You turned 37 weeks today. I know that technically we aren’t supposed to start the count until you’re out here with us, but I’ve been feeling your kicks and squirms for months and you’ve never felt more alive. So, to me you’re 37 weeks old. Congratulations. I know how cramped you must be.
I have a few things to apologize for.
First, I’m sorry for abandoning the baby journal. I was doing really well for a while – updating it faithfully every week with little anecdotes and confessions of how pregnancy was treating me at the time. Little memories for you to hold onto in the future. Then your dad and I got married, and moved, and with all of the accompanying craziness, my vigilance fell to the wayside. I was hoping to have a complete account for you to read later on, and while it isn’t too late to fill in what I can, it won’t be the same. So for that, I am sorry.
I think holding onto memories is important. As a matter of fact, my entire generation is pretty good at keeping records. Each and every day, we type our thoughts and fears and dreams into various websites and applications to share with our friends, family, acquaintances – even people we don’t know. We take pictures of ourselves when we’re feeling good, or sad, or mad, and post them so other people can see them. We take pictures with our friends to invite others to share in our joy, even if we know others might not fully understand whatever joke we’re laughing about in the picture. We take pictures of our food, for reasons that are less clear. But does it matter? We are the record keepers, perpetually nostalgic for a past memories that just occurred, unwilling to untether ourselves from our most recent happiness. We breathe reminiscence; we dream future memories. We capture as much as we can in short bursts so that we can dissect and inspect and correct, as best as we can, to be the best we can. And we are unafraid to be angry when what we’ve learned is forgotten, or ignored, and injustice rears its ugly, ugly head.
Today, the country you will one day call your own watched as one of its most enduring legacies, racial hatred, once again resulted in death. The people who were killed could have been your great-aunt, or grandmother, or cousin. They were in church, praying and reading the Bible, while sitting in the presence of their killer. Blindsided. Betrayed. Brutalized. And now they’re gone.
You’re going to learn one day, Peanut, that people hate us because of the color of our skin, and it’s going to seem absolutely ridiculous, but it’s the truth. It’s a lesson that your dad and I are already dreading having to teach you. Because we hate that one day, your world is going to forever be a bit less bright, a bit more menacing. You’re going to be surrounded by shiny toys and exciting technology, the likes of which we can’t even imagine yet. You’re going to be curious and inquisitive and want to poke and explore and play. And on some level, we are going to have to tell you, “Wait, love. Here is what you can’t do. Here is where you can’t go. Here is what you can’t say.” For the sake of your safety, your survival, we will have to steal some of your joy.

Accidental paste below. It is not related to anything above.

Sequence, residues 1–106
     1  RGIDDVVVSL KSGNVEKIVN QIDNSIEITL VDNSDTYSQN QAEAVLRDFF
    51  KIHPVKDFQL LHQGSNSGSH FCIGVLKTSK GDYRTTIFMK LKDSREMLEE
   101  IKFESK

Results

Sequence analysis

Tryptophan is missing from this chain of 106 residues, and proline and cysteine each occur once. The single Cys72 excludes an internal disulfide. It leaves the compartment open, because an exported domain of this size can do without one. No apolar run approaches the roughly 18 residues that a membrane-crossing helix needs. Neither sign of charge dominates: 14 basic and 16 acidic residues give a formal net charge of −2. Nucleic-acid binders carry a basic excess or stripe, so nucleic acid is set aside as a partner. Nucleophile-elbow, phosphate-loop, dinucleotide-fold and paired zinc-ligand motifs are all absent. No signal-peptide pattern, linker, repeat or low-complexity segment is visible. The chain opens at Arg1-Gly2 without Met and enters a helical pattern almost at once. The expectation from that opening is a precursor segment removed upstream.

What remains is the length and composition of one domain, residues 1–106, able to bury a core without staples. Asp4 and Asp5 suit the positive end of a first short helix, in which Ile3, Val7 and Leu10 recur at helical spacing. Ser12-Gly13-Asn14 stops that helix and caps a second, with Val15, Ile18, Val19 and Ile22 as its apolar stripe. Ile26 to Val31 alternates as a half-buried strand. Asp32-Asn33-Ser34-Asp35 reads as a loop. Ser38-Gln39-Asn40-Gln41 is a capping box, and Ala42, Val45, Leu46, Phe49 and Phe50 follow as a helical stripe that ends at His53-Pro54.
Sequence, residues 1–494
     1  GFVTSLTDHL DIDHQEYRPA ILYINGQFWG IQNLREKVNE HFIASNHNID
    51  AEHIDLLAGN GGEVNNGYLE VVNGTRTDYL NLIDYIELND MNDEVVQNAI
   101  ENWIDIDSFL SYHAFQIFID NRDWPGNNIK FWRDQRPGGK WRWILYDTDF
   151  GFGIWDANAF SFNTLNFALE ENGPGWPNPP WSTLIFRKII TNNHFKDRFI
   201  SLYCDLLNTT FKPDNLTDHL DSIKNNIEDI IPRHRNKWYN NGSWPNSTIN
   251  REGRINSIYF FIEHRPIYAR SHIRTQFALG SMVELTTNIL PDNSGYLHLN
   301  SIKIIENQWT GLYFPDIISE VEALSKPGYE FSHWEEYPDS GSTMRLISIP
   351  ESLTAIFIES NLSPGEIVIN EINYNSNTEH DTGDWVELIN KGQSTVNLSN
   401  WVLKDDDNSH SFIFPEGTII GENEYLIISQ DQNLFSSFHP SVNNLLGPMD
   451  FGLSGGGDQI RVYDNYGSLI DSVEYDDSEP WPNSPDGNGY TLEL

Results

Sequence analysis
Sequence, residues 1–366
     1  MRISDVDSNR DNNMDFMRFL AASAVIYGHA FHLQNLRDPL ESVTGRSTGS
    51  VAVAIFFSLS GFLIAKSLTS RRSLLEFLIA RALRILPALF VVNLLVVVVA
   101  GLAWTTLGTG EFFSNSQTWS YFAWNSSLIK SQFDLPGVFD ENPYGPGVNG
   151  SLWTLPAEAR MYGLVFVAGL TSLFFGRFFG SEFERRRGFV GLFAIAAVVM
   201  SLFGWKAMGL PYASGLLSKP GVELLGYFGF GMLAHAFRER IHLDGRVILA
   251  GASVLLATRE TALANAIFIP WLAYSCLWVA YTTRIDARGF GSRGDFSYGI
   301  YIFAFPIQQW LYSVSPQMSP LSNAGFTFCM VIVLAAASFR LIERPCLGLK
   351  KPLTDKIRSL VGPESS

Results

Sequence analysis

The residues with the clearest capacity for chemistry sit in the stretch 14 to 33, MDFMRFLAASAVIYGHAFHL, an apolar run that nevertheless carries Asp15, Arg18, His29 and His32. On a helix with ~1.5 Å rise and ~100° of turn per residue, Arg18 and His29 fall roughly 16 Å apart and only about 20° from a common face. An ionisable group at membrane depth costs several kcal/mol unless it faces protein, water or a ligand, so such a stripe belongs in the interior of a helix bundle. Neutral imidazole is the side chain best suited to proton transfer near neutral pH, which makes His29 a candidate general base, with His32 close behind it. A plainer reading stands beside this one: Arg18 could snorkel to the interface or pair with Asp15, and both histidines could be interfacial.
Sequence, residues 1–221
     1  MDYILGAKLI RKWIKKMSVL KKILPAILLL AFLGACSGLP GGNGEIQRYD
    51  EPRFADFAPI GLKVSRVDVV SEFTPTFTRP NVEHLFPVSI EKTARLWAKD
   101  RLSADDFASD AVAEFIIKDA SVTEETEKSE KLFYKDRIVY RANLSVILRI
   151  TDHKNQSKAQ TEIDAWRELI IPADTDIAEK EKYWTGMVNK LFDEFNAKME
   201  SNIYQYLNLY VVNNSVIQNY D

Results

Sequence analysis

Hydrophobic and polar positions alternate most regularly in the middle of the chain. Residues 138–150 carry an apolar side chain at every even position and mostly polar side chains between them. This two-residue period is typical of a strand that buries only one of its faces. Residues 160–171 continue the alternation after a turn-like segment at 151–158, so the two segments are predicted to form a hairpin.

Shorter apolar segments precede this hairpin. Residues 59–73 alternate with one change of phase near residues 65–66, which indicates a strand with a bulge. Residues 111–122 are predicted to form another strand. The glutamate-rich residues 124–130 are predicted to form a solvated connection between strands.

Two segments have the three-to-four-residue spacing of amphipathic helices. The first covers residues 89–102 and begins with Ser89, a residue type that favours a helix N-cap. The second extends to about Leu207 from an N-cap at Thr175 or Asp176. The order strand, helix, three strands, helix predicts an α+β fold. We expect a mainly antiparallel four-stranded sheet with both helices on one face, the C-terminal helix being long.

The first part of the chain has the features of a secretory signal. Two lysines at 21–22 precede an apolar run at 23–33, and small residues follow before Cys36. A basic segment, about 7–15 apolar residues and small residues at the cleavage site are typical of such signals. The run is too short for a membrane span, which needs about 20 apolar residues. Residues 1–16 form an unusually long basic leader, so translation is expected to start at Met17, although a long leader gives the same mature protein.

And for that, my dear daughter, I apologize.
Know how much your dad and I love you already. We will all be doing this for the first time – our first time being parents, your first time existing. It’s going to be a wild ride, and we may not always understand each other, but we promise to do our best to love you and protect you. A huge part of that love is fear – fear that forces your dad and I cannot control will hurt you in any way.
And so sometimes, as you get older, we may make decisions that seem needlessly harsh, or unfair, or overprotective. And you will resent us, and feel angry and infantilized, which is perfectly valid. But please try to remember that you are perceived as a threat. When you say the pledge of allegiance in school – or choose not to say it, which your father and I would have no problem with – please remember that the flag that is hanging in your classroom is soaked with the blood of your ancestors. Remember the great women and men who fought for freedom for our people, some with peace, and some without, and they met the same violent end regardless. Remember the history your dad and I teach you at home, and recognize when you are being taught a watered down or blatantly false history elsewhere. I want you to remember these things and then remind yourself that there is probably a good reason that mom and dad are so strict. Even if you don’t agree, just remember. And, again, know that I am sorry. I truly wish we had a better world to offer you, because you don’t deserve this one.
I cannot wait to meet you, darling girl. And even as I say that, even as I feel you shift slightly inside me, and our bodies ready themselves to separate in a matter of weeks, a part of me wishes I could keep you safe and cocooned forever. I am beginning to understand a mother’s love, Peanut, and it is exhilarating and heartbreaking.
See you soon,
Editor-at-Large, Carla Bruce